Tuesday, August 6, 2013

A Painted and Stitched Canvas Quilt

This quilt is probably the most unusual quilt I've ever made!  In March I attended a wonderful at Quilting Adventures, under the superlative teacher, Katie Pasquini-Masopust.  The class was relaxing and freeing, as we painted treated canvases, embellished them with cut-out snippets of fabric, and then painted, stamped, and splattered acrylics over the surface of the canvas.

Next we used a "view finder" made from a cut-apart framing mat to find "interesting" areas all across the surface of all of our canvases.  We marked these and then cut them out in squares and rectangles which were a multiple of two.

Once we had all of these little pieces cut out, we reassembled them, using pieces from all of the canvases we had painted, into a design that was pleasing to our eyes, much like putting together a jigsaw puzzle.

When we were happy with how these looked, we sewed the squares and rectangles together using black thread and a zigzag stitch.  A Teflon foot was particularly helpful at this step, as it allowed the machine to move more easily over the rather uneven and occasionally sticky and even rough sections of the quilt.

I came home with three quilts stitched together, and then I used up all the left-over pieces to assemble yet another quilt.  Finally, five months later, I have finished one of the quilts.  It is the last one I made--the one using leftovers.  After sandwiching it with cotton batting and a piece of untreated canvas, I free-motion quilted with black thread, primarily outlining the painted brush strokes.  Then I squared up the quilt.  Finally, I satin-stitched three or four times around the edges of the quilt.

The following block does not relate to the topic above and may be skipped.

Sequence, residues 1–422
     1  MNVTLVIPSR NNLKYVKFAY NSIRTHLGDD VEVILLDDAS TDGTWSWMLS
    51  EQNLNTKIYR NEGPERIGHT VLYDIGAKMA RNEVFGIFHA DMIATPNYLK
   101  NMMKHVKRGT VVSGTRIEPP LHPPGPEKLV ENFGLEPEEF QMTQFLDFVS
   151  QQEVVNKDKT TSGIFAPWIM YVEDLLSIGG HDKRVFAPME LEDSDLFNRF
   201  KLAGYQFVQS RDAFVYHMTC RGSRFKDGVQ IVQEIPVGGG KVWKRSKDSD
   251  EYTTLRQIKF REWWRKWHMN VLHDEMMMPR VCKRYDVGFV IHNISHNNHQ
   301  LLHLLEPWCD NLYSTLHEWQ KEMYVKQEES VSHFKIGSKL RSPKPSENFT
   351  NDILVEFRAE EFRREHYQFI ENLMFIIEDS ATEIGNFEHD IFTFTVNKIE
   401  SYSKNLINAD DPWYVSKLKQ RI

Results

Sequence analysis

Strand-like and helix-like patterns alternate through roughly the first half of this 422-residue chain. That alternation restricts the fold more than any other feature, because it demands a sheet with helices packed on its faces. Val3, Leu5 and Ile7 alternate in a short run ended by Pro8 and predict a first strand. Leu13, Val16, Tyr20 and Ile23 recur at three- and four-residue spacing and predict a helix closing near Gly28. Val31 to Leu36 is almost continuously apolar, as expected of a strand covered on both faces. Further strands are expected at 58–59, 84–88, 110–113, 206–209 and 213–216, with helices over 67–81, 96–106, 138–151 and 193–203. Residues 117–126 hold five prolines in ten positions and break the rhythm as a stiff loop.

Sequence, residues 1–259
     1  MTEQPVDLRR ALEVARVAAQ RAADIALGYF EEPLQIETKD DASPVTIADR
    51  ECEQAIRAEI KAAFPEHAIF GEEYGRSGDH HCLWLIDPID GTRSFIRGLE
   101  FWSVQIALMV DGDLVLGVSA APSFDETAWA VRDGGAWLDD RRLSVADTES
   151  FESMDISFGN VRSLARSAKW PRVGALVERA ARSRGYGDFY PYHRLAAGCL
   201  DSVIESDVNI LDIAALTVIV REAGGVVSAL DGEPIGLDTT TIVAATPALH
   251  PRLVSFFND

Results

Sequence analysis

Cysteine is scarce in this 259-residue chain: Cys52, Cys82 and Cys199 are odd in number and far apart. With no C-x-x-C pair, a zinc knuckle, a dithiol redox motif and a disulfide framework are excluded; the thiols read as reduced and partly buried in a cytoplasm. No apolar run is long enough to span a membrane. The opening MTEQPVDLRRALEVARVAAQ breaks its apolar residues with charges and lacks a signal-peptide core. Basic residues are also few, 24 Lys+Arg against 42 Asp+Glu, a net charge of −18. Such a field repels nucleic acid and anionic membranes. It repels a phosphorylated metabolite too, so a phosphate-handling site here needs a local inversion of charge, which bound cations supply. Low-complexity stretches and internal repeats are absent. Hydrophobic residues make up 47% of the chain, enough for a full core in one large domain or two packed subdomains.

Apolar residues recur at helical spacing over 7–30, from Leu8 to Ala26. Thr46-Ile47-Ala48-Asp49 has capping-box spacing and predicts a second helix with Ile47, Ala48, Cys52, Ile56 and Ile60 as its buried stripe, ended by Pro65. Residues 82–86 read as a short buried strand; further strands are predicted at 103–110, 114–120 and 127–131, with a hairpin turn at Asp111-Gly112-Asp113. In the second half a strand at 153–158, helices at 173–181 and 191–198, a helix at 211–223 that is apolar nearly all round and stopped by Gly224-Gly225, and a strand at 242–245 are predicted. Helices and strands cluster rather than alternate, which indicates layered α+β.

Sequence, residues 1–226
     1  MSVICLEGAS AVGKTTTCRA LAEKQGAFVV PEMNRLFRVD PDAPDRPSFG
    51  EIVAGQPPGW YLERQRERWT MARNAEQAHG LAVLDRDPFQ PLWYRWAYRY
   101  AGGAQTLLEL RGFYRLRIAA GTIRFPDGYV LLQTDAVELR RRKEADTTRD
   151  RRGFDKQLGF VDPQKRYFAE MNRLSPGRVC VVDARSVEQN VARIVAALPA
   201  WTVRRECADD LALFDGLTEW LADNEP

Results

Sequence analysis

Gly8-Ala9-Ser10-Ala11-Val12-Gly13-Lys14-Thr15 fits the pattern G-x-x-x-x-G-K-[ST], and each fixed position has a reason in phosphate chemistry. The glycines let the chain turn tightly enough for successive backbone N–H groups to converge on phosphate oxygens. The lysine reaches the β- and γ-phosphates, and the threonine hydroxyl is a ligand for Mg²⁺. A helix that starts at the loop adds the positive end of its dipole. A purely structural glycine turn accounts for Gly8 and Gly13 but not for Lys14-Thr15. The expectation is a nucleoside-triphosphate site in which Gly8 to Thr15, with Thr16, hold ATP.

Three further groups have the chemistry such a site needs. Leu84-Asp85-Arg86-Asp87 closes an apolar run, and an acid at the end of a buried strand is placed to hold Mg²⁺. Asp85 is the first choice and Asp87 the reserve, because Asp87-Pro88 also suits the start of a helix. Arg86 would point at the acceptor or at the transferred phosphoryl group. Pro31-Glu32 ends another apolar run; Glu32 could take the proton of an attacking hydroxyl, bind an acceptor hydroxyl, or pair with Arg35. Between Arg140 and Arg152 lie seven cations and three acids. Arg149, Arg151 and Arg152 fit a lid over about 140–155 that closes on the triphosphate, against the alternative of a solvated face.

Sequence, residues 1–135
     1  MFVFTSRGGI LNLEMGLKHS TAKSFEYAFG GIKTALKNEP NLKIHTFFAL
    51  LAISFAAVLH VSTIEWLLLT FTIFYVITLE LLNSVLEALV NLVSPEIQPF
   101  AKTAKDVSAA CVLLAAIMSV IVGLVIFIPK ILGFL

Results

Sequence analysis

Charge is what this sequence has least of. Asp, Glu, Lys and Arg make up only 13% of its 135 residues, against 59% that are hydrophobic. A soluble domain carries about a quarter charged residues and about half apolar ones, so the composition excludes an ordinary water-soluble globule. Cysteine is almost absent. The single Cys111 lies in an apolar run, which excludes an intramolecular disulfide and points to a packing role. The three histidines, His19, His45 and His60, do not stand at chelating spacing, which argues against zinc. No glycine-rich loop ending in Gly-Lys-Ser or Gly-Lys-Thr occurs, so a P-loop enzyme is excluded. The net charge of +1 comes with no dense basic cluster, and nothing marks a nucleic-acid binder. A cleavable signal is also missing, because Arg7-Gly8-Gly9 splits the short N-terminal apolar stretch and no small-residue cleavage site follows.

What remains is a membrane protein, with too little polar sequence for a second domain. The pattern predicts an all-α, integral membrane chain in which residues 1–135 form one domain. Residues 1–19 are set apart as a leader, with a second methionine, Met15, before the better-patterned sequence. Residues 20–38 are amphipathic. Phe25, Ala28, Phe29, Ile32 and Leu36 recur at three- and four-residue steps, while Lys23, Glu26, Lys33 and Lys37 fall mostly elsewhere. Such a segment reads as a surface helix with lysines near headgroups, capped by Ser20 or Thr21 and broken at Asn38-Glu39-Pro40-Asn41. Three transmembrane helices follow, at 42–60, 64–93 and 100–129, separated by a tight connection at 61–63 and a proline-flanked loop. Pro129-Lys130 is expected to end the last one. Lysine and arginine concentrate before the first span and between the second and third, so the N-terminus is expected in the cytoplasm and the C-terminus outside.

Lastly, I deviated from Katie's method of assembly, in that I decided to use for the frame a pre-stretched artist canvas that measured 12" by 24" instead of assembling a frame by hand. I satin stitched once again around the quilt, attaching it this time to a rectangle of black fabric that measured 6" larger all the way around.  I pulled this backing fabric around on all four sides, tucking it between the frame and the artist's canvas on the back.  Eventually I will staple the fabric securely, but I was eager to photograph it and write this!

A close-up view of the machine quilting

A side view, showing the right edge of the fabric-covered frame


  1. Alice, I LOVE this quilt. It is my favorite of yours. Your grandchildren will so enjoy trying out some of these techniques when they visit you. What fun. I wish I could be there to join in. The colors, brush strokes, prints are all assembled so pleasantly. Brava!

  2. Oh, so glad you like it! I will be sure to take "process photos," if the grandchildren take to this method! I KNOW they'd love the preliminary stages--the painting of the canvases and otherwise embellishing them.

  3. Alice, it is wonderful! I am glad you finishe it.

  4. Yes, this quilt is both unusual and engaging. I tried to figure out which was quilting (fabric) and which was painting (canvas), but it all looked like quilting fabric to me. Whatever you used the design is beautiful!

  5. This is amazing....I am fascinated!

  6. It'll be fun, now that I have a model made, to see if the grandkids will want to try their hands at this! Certainly the painting of the canvas, the gluing on pd snippets of fabrics, stamping, etc. can be easily done by them. None of them have sewed for awhile on the machine(s), but I'll bet they are more accomplished now, two or maybe three years after their first attempts!

  7. The nonquilter comments. This is fantastic! I can imagine it hanging on my wall this minute. Would be an inspiration to look up from my writing and see this. How do I feel about this? Think you know!

  8. I'm impressed with the freedom you're expressing in your art quilts. Keep going. You're really breaking out into some new areas!